Unfortunately, apparently most major research universities still have lousy policies for all three of those. Here’s how it works. Most institutes have a policy stating that a female employee cannot be fired if she decides to have a baby, and also that she will be allowed to take the required time off post childbirth. That’s the good part. But here’s how the fine print goes. The only paid leave the person is allowed to take is the leave that she has accrued over the year. Postdocs (at least here) are technically allowed to take 12 days of vacation time, and week of sick leave a year, and there’s no roll-over policy for holidays not taken during previous years. So that gives a grand total of less than three weeks off. There isn’t a concept of overtime/leave accrual for working weekends; all you can get credit for is if you work on public holidays (probably half a dozen for the year). That’s it. Subsequently, if you need more time off, you can take unpaid leave for a maximum of 12 weeks.

You might argue that the option of taking unpaid leave for 12 weeks should be sufficient; after all, you shouldn’t be paid for not working. That’s ok, except that the salaries/fellowships of postdocs aren’t that high in the first place (some might call it unreasonably low). So, since you’re paid a pittance for endless hours as it is, the least you might hope for is continuing to get that salary while having a baby, so that you can take care of points (2) and (3), the financial details.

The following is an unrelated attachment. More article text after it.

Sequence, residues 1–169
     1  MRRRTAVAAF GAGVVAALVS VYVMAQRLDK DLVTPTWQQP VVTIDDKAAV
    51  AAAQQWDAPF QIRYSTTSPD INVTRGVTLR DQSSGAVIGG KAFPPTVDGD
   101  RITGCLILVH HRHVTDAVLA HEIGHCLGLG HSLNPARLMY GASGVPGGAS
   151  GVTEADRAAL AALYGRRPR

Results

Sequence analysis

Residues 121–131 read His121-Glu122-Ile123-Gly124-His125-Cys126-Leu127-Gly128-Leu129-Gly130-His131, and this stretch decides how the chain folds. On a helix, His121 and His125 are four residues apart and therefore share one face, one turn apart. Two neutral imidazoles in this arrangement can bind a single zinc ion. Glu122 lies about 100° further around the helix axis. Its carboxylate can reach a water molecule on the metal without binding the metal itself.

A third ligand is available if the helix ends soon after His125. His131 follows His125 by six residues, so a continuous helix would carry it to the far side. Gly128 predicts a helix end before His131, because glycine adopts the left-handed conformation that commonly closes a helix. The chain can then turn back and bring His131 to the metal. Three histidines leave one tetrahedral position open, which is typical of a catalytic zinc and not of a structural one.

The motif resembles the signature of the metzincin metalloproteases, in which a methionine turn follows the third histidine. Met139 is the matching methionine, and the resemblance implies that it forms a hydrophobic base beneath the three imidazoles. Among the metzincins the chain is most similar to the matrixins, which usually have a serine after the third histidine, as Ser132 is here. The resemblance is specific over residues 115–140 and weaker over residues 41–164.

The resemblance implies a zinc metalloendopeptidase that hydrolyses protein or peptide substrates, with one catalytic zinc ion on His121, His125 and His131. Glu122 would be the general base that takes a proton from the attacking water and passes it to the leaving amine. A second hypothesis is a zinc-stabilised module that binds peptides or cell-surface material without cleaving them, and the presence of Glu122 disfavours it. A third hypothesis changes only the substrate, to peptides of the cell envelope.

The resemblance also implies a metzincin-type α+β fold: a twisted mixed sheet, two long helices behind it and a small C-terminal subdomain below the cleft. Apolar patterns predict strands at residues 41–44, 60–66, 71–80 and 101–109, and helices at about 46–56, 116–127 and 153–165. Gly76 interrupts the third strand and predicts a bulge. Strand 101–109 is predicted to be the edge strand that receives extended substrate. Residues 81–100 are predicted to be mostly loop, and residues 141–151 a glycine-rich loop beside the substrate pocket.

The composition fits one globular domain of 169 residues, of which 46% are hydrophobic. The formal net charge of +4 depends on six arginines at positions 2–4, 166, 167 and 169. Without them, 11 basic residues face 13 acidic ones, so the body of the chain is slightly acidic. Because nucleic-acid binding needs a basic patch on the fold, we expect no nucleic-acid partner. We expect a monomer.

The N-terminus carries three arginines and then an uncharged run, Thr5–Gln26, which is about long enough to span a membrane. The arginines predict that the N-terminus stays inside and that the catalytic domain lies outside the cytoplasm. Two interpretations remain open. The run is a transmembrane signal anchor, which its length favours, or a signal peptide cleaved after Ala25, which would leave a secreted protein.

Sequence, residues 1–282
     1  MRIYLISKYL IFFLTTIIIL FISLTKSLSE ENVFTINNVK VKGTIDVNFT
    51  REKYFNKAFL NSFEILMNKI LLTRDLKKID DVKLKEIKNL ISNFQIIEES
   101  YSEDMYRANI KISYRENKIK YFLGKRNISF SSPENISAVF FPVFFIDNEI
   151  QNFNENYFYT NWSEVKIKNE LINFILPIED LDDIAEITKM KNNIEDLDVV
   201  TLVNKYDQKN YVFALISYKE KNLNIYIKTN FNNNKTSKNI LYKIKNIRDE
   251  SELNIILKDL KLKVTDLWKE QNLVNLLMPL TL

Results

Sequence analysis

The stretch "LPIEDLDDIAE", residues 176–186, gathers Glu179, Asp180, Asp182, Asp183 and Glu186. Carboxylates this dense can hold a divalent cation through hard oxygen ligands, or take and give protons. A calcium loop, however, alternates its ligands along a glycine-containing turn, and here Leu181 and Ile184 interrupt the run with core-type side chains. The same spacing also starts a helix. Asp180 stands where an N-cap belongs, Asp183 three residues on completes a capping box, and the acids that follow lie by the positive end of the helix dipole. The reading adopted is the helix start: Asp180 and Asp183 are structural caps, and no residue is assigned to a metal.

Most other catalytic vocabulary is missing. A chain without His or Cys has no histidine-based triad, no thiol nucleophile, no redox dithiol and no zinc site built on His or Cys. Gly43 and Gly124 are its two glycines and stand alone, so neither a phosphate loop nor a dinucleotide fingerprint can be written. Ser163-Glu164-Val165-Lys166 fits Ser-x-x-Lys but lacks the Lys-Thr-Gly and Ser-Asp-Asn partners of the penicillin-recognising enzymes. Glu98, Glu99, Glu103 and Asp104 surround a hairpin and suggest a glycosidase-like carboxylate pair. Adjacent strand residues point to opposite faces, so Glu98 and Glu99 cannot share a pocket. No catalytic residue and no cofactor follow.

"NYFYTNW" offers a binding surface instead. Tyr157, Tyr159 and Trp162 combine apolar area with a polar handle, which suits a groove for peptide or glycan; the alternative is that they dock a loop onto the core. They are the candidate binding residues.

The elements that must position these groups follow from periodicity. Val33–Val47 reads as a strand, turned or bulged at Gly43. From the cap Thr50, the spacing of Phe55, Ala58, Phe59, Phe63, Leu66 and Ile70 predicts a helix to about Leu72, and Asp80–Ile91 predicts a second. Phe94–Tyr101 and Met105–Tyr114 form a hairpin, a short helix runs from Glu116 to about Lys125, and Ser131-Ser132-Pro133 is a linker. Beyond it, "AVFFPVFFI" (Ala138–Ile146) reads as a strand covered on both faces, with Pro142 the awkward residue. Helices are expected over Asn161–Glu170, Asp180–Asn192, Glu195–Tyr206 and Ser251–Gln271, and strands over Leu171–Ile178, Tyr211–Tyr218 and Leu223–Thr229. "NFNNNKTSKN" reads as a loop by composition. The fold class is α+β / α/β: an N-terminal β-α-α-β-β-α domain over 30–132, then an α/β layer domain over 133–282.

Which leads to point (3), medical insurance. A lot of postdoc researchers in the greater biological sciences work in premier medical schools/centers across the country. An outsider might be tempted to assume that medical costs for an employee of a medical center would at least be subsidized. Invariably that isn’t the case at all. Students and postdocs usually are offered a mediocre insurance policy, fine for minor ailments, but not that great for extended medical care. Most postdoc policies pay only about 75% of the medical costs (and the remaining 25% runs into thousands of dollars). Students or postdocs don’t get any benefits even if they choose to get their treatment from the same medical center they work in.

Sucks, doesn’t it?